If you sew, read on... if not, shake your head in disappointment that I am slightly straying from the theme of this blog. 

There are 59 stitches: including, leaf, curves, and many buttonhole options. So nice for ALL of the future quilts, dresses, purses, and gifts I will sew in the future!


Even though my compost isn't ideal, my container veggies are growing. That's a good thing.

There are buds that will turn in to cucumbers and green beans. I also have basil and it smells so good.
Two tomatoes have started to grow. Hopefully, more will come. Seeing the brown leaves on the right maybe I need to water this plant more.

Compost Correction

In my attempt to be kind to Mother Earth I began a compost bin this spring. As easy as it seems (find a space, drop in biodegradable items, let it turn in to dirt) it can be tricky. My bin was doing good until I left it alone.

I didn't turn it, didn't think about the mix of layers I needed (brown and green)and like other things when you leave them alone, my compost is now sludge an it smells.

Because Google is my BFF (Best Fact Finder) I learned that sludge-y compost needs to dry out. I have also learned that my compost may have too much "green" like kitchen scraps, which is what I primarily put into the bin. There's been more of this since I started up juicing again. This morning my scraps included pulp from the grapefruit, carrot and ginger root juice I made as well as the egg shells from my breakfast and cofee grounds.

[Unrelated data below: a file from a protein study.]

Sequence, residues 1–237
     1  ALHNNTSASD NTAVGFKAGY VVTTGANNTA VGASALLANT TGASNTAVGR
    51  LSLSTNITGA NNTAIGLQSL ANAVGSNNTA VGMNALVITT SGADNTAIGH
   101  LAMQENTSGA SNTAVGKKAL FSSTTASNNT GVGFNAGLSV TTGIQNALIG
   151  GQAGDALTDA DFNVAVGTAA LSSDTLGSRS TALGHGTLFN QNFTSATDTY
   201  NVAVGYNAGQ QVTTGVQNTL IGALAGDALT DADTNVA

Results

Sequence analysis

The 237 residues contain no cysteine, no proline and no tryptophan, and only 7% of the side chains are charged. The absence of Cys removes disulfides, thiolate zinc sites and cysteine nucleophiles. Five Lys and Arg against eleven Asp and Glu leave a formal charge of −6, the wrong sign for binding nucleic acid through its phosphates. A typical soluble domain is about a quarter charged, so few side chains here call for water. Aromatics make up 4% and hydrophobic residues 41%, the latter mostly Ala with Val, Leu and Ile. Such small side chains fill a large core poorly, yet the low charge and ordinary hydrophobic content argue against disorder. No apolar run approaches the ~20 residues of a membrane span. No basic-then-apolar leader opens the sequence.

Although I had drilled holes in the botton of the bin and on top, I have decided that I need more holes to allow air to circulate. I have chosen three weapons to combat the sludge.
Weapon 1 - Drill for creating more air flow holes in the bin
Weapon 2 - Newspaper, brown matter, which should slow down the creation of the smelly, sludgy matter (created by too much green - kitchen scraps)
Weapon 3 - Baking soda to combat the unappealing smell so my nice neighbors won't be able to smell my compost composting

The holes are small, but hopefully they will allow enough oxygen to reach the compost and help dry out what is currently too wet.

Google led me to the website: which has taught me that in addition to the newspaper, another brown material I could be putting in to the compost is dryer lint. We have a trashbin next to our washer upstairs for when we clean out the dryer's lint tray. I also put in our grass clippings, which is a good brown. There should be more brown than green material and I'll have to monitor this a bit better.
Here's hoping that my compost can get back on track so it will be ready for my raised bed gardens next year. Currently, I have a container garden in my small backyard and next year I'd like to put these plants in the ground.